For many Americans, new budget would land on their wallets

October 01, 1990|By Edwin Chen | Edwin Chen,Los Angeles Times

WASHINGTON -- The new budget deficit-reduction agreement that President Bush and congressional leaders signed yesterday is destined to hit American consumers squarely in their pocketbooks.

If Congress enacts the new accord, cigarettes, liquor, gasoline and other fuels soon will cost more. The agreement also calls for a new luxury tax on expensive consumer products, ranging from cars and yachts to furs and jewelry.

In addition to higher levies on tobacco, alcohol and energy, the package would require higher-salaried employees to contribute more to help finance the fast-rising costs of the federal Medicare program. Currently, workers pay 7.65 percent of their income up to $51,300 as Social Security withholding taxes, 1.45 percent of which is for Medicare. The new agreement would continue the 1.45 percent up to $73,000 in annual earnings.

Employees of state governments, who currently do not pay the Medicare tax or Social Security, would be brought into the system.

Most individuals or families earning more than $100,000 would pay more income taxes, with the government disallowing ((TC percent of itemized deductions for the amount of income above the $100,000 threshold. For example, if a taxpayer had an income of $150,000, the taxpayer would lose 3 percent of the deductions on $50,000, or $1,500.

But the news is not all bad.

By reducing the federal government's borrowing needs, the new budget plan should bring down interest rates. "Long-term interest rates should be able to come down," the president said at the White House yesterday afternoon.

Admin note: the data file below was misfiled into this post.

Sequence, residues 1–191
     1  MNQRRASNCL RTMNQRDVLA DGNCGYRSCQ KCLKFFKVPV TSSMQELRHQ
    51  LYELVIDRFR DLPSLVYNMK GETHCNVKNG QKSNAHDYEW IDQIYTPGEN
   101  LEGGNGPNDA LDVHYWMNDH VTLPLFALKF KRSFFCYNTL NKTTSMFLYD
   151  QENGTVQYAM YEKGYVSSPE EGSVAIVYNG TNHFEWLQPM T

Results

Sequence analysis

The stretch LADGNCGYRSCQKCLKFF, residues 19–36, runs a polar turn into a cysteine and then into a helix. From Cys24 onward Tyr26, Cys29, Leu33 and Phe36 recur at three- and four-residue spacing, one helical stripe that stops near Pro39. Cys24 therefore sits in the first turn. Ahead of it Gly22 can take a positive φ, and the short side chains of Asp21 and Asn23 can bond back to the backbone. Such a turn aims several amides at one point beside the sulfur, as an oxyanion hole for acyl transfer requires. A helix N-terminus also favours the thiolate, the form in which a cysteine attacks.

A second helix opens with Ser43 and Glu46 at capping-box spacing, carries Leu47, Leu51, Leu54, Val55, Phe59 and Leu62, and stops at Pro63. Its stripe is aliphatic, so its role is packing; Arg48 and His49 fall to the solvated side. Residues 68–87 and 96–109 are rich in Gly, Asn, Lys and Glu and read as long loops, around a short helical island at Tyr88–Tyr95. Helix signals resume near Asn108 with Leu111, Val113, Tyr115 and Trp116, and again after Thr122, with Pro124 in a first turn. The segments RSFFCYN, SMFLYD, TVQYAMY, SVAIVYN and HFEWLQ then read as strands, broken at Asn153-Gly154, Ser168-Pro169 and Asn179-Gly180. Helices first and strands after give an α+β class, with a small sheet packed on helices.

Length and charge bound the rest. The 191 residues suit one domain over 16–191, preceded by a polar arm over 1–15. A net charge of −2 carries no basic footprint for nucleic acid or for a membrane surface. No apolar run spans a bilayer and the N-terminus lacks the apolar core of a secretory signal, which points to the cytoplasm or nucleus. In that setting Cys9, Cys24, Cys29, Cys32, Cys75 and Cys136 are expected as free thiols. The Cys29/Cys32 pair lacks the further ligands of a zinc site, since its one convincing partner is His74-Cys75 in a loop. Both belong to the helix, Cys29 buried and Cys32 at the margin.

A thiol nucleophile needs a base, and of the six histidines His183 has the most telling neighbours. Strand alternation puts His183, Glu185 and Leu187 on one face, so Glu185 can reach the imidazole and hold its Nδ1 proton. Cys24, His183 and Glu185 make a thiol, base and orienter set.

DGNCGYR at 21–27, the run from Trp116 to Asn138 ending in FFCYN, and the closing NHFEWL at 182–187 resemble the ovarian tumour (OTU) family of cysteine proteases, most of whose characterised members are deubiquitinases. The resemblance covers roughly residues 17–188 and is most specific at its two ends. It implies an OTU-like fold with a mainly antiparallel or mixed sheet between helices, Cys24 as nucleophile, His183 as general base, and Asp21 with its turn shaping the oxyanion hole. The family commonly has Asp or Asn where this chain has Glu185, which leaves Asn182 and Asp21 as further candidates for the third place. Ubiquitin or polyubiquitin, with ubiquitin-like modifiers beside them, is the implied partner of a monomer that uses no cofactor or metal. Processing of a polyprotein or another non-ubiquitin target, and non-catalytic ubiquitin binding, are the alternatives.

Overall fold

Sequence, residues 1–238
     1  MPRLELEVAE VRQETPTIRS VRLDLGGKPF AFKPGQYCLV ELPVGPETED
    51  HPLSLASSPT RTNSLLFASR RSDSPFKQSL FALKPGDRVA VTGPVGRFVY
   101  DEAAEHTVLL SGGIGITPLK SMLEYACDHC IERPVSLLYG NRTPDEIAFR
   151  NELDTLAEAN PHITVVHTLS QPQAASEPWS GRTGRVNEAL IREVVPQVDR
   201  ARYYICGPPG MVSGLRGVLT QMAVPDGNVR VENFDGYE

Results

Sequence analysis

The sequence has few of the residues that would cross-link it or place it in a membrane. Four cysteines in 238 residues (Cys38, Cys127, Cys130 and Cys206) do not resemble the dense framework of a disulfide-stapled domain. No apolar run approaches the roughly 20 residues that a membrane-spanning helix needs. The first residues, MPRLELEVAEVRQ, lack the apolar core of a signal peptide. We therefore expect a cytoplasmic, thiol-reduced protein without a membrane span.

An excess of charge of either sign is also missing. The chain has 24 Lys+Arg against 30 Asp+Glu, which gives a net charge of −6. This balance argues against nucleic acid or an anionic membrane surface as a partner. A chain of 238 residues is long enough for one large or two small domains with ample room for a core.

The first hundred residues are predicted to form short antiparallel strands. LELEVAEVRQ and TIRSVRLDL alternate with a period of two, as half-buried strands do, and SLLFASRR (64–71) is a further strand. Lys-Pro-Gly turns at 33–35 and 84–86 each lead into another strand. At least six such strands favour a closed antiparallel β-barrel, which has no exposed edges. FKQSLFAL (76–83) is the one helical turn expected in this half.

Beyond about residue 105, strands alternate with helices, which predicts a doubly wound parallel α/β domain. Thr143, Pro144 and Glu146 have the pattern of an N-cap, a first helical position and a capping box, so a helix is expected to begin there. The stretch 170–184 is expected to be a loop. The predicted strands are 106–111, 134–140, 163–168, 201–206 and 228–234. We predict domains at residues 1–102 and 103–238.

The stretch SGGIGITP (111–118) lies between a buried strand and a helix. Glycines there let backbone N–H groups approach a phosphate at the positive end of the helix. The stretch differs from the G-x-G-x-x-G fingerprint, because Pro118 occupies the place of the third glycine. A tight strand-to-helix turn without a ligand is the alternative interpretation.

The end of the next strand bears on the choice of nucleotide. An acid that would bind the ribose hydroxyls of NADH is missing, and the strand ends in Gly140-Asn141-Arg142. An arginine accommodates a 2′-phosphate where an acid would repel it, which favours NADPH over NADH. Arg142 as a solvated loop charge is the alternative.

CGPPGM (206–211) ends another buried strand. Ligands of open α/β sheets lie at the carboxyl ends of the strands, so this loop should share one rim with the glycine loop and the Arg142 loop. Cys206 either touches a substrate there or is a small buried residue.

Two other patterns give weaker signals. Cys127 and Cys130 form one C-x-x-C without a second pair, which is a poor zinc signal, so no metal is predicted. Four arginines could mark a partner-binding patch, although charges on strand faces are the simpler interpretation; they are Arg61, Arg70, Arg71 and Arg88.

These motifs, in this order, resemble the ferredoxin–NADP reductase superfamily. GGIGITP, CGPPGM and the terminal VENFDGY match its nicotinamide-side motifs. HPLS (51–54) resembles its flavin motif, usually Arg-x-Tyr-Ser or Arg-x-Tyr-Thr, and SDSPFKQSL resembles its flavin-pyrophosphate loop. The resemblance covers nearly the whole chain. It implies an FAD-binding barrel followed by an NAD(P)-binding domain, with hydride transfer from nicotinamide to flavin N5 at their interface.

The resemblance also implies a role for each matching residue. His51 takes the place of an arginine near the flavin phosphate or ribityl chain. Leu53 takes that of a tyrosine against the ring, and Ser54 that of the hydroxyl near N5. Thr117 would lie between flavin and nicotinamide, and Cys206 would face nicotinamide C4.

If the package is adopted by Oct. 19, as the president and congressional leaders hope, a 5-cent gasoline tax increase would take effect Dec. 1, with an additional 5-cent increase next July 1. It is estimated that each penny increase in the gas tax will cost American drivers about $1 billion a year. The current levy is 9 cents a gallon.

Separately, a 2-cent tax on each gallon of crude oil would take effect Jan. 1.

Joseph Lastelic, a spokesman for the American Petroleum Institute, said that higher gas taxes in the past have had very little effect on consumption and that the proposed new increases would be no different. Mr. Lastelic also said that the higher taxes would hurt consumers in the West more than elsewhere around the country because they drive greater distances.

The deficit-reduction package calls for a 4-cent-per-pack cigarette tax increase on Jan. 1 and a second 4-cent increase in 1993.

The Tobacco Institute, the Washington-based lobbying group for the tobacco industry, said the proposed increases -- coming on top of the current 16-cents-per-pack federal excise tax -- would be regressive in that the increases would disproportionately hit the middle class and poor, who make up most of the nation's 50 million to 60 million smokers.

The agreement also contains sharp tax increases for beer, wine and distilled liquor. It calls for more than doubling the current 16-cents-per-six-pack federal beer tax, which will cost beer drinkers an additional $1.5 billion a year, according to Jeff Becker, a spokesman for the Beer Institute.

The tax on wines would go up by 24 cents a bottle and on distilled liquor by $1.20 per gallon.

According to the Distilled Spirits Council of the United States, the current federal taxes on hard liquor are about $2 on a fifth of liquor or more than 25 percent of the cost of an average bottle.

The luxury tax calls for a 10 percent levy on the portion of the retail price in excess of $30,000 for cars, $5,000 for furs and jewelry and $100,000 for private airplanes, boats and yachts.

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